We’re well into the beating heart of the PGA Tour’s 2020/21 season and the big events are coming thick and fast. So how come the Travelers Championship, at first glance not a tournament to grab the attention of the world’s elite, actually has such a decent field? It’s a simple equation. The organizers understand the event is post-U.S. Open and therefore they play into what the players really want right now between the big tests: fun golf, less stress, the ability to string birdies together, and an off-the-course vibe that relaxes them. And the good news for gamers? We’ve got to know the host course, TPC River Highlands, pretty good down the years.
TPC River Highlands
Often referred to as a Pete Dye design, TPC River Highlands is not quite pure-Dye. The original course was purchased by the PGA Tour in the 1980s and Dye was handed the role of renovating it to TOUR standard. In time, there have been many subsequent changes so we should be wary of lining up TPC Sawgrass, Harbour Town and Kiawah Island as ideal yardsticks for this week.
The course is a par-70 that plays short at 6,841 yards which explains why Jim Furyk was able to thrash a 58 there in 2016 and why 16-under or better has won in four of the last six renewals. Players will often say that they play a lot of short irons and wedges into the greens so look for a hot approach game. An added reason to seek that was highlighted by Englishman Paul Casey, who said: “They can tuck the pins away and put them on funky little slopes. If you short-side yourself, especially if you get over the greens, you’re going to be in a world of hurt.”
Consider, also, that a lot of players will be breathing a sigh of relief because they’ll be rolling the ball on bent grass greens again after the trauma (for some) of poa annua last week at Torrey Pines. The fairways are also wide and make for a contrast with the post-Masters stop-off at Harbour Town. That venue cramps the style of the big hitters, this one permits aggression and whoever takes advantage with those approaches will thrive.
The weather for Cromwell, Connecticut will start off sunny on Thursday before gradually clouding over the rest of the week. By the weekend there will be about a 25 percent chance of rain and the breezes will have risen from about 9 MPH to around 15 MPH. Thunderstorms are an outside possibility if they come in prior to the current forecast arrival of next Monday.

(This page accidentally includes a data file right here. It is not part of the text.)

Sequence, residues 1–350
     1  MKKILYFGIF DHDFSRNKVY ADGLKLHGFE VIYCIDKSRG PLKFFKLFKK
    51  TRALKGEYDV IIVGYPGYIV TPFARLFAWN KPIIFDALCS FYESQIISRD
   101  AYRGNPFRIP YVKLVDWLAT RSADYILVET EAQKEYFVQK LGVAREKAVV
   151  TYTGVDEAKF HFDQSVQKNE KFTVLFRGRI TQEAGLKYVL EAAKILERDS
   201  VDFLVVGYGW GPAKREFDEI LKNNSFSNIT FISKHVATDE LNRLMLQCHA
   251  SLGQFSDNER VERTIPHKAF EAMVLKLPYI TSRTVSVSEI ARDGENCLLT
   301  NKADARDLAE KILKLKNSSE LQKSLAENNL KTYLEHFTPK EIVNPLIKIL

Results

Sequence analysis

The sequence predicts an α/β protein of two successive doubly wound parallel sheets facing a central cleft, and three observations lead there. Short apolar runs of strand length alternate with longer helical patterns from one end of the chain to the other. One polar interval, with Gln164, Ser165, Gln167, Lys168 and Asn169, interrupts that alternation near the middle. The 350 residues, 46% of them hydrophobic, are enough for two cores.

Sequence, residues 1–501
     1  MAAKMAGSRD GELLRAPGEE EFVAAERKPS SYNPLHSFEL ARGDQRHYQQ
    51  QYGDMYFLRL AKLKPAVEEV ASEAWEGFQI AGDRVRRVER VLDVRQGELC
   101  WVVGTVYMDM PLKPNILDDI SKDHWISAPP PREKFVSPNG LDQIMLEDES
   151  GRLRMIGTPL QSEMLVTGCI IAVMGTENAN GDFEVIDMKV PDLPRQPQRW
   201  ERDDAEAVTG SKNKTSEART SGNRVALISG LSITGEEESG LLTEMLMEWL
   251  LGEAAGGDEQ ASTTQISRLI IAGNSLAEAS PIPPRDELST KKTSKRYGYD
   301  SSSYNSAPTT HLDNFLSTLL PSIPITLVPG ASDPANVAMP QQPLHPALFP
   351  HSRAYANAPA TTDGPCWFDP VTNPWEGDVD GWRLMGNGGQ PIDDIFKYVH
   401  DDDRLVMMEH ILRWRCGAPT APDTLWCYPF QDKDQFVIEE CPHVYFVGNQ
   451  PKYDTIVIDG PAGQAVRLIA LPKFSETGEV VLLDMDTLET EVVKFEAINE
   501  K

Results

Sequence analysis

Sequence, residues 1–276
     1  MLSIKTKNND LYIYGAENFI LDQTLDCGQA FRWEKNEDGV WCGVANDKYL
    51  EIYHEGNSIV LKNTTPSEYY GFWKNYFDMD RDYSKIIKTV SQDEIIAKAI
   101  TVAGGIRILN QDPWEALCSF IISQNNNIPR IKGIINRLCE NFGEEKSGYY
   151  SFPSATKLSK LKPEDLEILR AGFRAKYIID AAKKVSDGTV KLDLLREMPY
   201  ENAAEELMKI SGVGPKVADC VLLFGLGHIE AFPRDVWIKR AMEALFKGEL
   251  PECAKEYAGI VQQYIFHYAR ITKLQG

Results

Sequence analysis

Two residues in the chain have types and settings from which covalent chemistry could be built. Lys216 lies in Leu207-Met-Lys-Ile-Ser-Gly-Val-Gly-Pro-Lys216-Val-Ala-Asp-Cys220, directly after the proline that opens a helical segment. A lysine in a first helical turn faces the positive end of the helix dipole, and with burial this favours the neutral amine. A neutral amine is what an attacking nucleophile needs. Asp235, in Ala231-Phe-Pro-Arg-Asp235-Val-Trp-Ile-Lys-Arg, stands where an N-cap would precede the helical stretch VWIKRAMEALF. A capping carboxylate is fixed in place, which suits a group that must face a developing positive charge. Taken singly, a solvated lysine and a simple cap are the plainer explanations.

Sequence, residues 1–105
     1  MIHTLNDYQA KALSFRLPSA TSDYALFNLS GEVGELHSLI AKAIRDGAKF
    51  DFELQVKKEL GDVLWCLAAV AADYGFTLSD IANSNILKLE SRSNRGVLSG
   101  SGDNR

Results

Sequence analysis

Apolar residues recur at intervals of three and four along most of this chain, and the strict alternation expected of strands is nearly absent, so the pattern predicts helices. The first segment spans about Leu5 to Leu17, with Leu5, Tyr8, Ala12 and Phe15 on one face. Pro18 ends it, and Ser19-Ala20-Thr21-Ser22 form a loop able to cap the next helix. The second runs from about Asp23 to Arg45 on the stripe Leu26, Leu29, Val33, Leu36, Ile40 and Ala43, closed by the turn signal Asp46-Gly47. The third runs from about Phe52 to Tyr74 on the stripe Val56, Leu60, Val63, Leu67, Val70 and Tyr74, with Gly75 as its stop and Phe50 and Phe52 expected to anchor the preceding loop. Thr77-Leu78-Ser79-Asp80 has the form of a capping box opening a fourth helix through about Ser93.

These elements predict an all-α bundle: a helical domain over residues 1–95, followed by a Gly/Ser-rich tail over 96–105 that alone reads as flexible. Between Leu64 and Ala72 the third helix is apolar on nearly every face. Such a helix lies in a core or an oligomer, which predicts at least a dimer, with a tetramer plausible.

Past Champions in the Travelers Championship
The event stretches back to 1952 and has gone through plenty of name changes, but a good starting point to consider the winners would be 1997, when the course alterations had bedded-in and Stewart Cink, a two-time winner this season of course, claimed success for the first time. He was second on defense, claimed another triumph in 2008, and was second once more in 2018.
Cink’s steady game from tee-to-green, with the ability to shine when he gets the short irons in his hand (something that is not always possible on longer tracks) was pretty much the reason behind subsequent successes of the likes of Olin Browne, Peter Jacobsen, Woody Austin, Brad Faxon and JJ Henry between his first and second wins. Since then, Marc Leishman, Ken Duke, Kevin Streelman, Russell Knox, and Chez Reavie have maintained that theme.
But there has also been a thread of big-hitters who enjoy a bit of creativity. Bubba Watson is a three-time winner (in 2010, 2015 and 2018), Phil Mickelson won back-to-back in 2001-2002, Kenny Perrywent super-low (22-under) when winning in 2009, Jordan Spieth lifted the trophy in 2017, and Dustin Johnson carded a third round 61 when winning last year.
There are perhaps two themes going on therefore: the craftsmen who nudge their way around the track and the creative-types who, you might have noticed, have something in common: with the exception of Perry they all won at Augusta National – and even Perry should have done that, losing a play-off in 2009.
Here’s are some entirely FREE suggestions for you this week with MORE for subscribers (DraftKings Prices)
|A list||B. DeChambeau||$10,100|
|B list||B. Harman||$8,800|
|B list||C. Hoffman||$8,600|
|C list||K. Na||$7,500|
|C list||P. Kizzire||$7,100|
Bryson DeChambeau ($11,100) Blew up in the final round last week, but will find more space from the tee box this time around and it’s really intriguing to see how DeChambeau 2.0 plays the course. Before he beefed up and took the brutal route, he tagged three consecutive top 10s here, needing more than 68 shots in a round just once in 12 circuits. Gained over five shots with his approach play last week, wider fairways can help him maximize that aspect of his game this week.
Brian Harman ($8,800) T–19 last week at Torrey Pines, his second-best effort in the national championship and just a second top 30, a reminder that he’s in the form of his life. In fact, it was a seventh top 20 finish in eight starts and now he gets to play a course he really likes. He made his first four cuts at the layout easily enough without threatening much. But since then, he’s added three top 10s in six visits.
Charley Hoffman ($8,600) Seven top 30 finishes in 11 starts for Hoffman at River Highlands and three times he’s made a really good tilt at the title. Currently flying high and I’d even take his T–57 last week at Torrey Pines as a sign of decent play because he’s not always thrived there or in the championship. It was a 12th cut made in a row and eight times he ended the week top 20.